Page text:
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Women’s History Month: A Bright Future For Women-Owned Small Businesses

Today, women-owned businesses are the fastest-growing segment of new businesses in our economy.

In fact, an analysis by American Express suggests that the number of women-owned businesses has risen by 200,000 over the past year alone, which is equivalent to just under 550 new women-owned firms created each day.

Regardless of how you slice the data, we know that this trend is growing and that women are over-indexing in entrepreneurship.

Expanding Health Care Coverage is a Smart Investment

Hard-working Montana families need the security of quality health care. A bill in the legislature, HB 458, could help 69,000 Montanans gain that security. These people are your neighbors - farmers and ranchers, small business owners, retirees, and entrepreneurs that don’t get health insurance from their employers.

HB 458 would expand Montana’s Medicaid program, and create an estimated 12,000 to 16,000 jobs over the next 8 years. Over $2 billion would return to Montana’s economy in that same time period as a result of increased economic activity in the health sector.

This Young Woman Transformed a Building and Her Dreams

Mallory Christoffersen is the REAP Women’s Business Center Entrepreneur of the Year for 2012. Mallory displays the entrepreneurial spirit so crucial to women-owned businesses and the rural communities they call home.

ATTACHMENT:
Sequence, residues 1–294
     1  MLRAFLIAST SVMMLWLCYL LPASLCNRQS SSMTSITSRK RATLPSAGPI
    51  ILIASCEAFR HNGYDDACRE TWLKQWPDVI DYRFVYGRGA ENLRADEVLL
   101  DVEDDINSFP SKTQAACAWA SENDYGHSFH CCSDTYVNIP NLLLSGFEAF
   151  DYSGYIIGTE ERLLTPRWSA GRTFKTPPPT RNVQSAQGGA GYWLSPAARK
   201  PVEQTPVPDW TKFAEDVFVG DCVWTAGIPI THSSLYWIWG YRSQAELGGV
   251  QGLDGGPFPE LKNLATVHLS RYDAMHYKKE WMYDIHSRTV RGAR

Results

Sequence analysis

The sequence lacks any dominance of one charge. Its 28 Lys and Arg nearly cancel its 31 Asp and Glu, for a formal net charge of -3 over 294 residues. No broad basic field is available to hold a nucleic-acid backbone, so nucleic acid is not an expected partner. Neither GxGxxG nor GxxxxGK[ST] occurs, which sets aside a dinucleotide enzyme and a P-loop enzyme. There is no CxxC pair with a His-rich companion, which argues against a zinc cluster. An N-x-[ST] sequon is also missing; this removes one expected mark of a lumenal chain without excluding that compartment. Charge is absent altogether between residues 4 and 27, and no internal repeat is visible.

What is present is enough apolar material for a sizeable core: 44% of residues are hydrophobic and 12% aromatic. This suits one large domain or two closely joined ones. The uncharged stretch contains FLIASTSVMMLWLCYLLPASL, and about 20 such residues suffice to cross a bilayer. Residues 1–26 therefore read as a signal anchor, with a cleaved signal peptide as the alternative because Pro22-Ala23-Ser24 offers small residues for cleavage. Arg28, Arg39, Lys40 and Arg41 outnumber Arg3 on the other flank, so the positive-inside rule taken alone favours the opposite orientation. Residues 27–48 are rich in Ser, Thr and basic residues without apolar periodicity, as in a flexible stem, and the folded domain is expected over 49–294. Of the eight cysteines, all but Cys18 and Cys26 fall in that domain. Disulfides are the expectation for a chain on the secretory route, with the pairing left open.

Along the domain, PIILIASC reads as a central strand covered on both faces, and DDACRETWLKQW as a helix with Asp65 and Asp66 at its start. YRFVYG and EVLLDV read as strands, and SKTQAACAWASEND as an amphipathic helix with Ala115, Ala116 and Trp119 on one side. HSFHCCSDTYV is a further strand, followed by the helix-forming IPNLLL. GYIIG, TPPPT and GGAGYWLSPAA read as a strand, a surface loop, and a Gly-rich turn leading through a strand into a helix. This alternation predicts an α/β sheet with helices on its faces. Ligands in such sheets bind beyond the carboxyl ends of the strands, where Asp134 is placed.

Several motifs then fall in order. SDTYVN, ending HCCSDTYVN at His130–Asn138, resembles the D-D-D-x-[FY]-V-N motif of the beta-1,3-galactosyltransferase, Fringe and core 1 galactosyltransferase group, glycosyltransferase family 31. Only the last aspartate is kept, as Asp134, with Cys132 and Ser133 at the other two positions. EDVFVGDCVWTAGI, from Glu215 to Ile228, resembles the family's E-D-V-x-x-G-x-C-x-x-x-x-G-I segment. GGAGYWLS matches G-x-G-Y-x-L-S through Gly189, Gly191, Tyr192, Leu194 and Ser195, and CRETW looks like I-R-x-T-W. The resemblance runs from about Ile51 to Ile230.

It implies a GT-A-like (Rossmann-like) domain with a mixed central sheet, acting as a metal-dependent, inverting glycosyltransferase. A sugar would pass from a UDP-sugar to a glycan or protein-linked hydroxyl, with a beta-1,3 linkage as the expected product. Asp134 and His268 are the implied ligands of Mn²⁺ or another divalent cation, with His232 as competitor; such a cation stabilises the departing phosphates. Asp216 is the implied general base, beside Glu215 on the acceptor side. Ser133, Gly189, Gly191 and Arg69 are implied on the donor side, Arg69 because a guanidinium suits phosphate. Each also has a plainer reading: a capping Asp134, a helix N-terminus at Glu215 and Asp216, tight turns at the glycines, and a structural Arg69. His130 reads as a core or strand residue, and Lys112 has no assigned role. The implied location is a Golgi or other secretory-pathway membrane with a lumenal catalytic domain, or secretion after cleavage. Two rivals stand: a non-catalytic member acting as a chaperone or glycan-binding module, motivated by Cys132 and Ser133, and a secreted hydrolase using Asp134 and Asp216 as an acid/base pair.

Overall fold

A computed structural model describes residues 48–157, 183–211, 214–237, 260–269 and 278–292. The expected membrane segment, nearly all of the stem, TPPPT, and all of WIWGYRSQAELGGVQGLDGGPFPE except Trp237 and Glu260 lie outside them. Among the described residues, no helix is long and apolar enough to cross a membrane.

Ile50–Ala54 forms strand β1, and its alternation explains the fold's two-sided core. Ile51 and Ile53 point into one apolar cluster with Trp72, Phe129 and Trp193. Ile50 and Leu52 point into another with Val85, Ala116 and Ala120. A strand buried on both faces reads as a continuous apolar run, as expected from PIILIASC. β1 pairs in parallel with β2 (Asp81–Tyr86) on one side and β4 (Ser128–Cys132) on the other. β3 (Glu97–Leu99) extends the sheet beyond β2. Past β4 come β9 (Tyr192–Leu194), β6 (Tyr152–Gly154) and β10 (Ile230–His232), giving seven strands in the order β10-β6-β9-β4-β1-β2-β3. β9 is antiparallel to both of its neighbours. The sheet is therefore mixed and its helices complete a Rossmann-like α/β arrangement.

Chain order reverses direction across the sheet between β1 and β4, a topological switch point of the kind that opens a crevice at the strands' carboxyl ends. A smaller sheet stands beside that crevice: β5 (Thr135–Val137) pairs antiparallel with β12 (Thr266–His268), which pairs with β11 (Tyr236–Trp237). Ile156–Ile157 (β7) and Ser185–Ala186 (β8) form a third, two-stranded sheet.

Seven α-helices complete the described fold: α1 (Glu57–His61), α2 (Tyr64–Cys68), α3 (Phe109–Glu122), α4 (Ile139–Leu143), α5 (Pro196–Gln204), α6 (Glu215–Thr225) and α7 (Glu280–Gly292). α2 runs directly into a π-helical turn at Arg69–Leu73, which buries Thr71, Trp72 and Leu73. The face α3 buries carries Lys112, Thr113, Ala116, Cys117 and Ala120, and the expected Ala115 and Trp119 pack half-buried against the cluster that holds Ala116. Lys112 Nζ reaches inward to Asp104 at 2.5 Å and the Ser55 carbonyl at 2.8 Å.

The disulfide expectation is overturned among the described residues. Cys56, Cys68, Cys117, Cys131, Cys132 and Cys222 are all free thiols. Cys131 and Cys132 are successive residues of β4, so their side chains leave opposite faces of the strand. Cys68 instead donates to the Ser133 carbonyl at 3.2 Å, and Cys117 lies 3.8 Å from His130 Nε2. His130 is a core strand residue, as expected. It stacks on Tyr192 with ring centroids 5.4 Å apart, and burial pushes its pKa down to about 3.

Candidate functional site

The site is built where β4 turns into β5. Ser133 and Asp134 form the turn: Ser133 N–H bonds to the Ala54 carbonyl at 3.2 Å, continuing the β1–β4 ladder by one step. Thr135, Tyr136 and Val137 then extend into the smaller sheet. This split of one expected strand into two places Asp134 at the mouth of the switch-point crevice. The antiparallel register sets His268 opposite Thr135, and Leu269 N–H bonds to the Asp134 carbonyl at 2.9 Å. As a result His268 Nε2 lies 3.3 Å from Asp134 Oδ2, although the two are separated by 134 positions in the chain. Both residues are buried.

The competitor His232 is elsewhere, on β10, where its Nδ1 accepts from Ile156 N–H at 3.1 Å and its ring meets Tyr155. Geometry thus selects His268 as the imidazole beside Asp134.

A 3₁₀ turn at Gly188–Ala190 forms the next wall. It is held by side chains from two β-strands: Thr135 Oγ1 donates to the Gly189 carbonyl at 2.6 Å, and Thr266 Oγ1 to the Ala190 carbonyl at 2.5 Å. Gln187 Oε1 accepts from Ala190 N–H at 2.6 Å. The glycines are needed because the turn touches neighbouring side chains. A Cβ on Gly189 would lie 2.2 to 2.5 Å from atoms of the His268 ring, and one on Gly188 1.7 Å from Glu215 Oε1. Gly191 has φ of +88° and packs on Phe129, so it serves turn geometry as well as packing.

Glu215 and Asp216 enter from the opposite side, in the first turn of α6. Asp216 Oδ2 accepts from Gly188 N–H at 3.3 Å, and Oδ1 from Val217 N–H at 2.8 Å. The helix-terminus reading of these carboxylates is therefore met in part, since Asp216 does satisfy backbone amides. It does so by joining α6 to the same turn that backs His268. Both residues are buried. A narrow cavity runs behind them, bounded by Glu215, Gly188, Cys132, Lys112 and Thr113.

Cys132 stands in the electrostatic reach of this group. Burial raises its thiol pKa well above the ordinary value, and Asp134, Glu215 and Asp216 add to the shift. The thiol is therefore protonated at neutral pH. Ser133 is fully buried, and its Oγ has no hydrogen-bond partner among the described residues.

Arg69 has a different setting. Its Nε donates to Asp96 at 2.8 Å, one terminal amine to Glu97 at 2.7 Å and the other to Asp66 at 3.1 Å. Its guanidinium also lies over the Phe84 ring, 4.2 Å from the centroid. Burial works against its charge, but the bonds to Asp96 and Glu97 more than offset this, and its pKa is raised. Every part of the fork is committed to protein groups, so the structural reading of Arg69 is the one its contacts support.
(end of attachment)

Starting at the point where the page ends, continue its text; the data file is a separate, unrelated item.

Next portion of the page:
The owner of Simply Unique Salon, Spa and Tanning in downtown Norfolk knew it would be a major undertaking to open her own business. Her experience at another salon gave her confidence that it was time to branch out on her own.

There’s More to It than Wind

Rural America is privy to some of the juicy plots of land for wind power production. It’s well known throughout the energy sphere that sprawling, unencumbered land masses are best suited for wind collection. And, fortunately enough, most of those land masses sit in countryside communities.

But that’s old news. We’ve all heard about wind power potential. And interestingly enough, that’s not the only place where rural America fits into the equation for nationwide sustainability.

Hot and Dry, Cold and Wet

In 2012, critically hot, dry weather hit the Midwest and Great Plains, while the East Coast endured floods, Hurricane Sandy and record New England snowfall. Climatologists described these specific weather events, for the first time, as part of a changing climate attributed to global warming.
 

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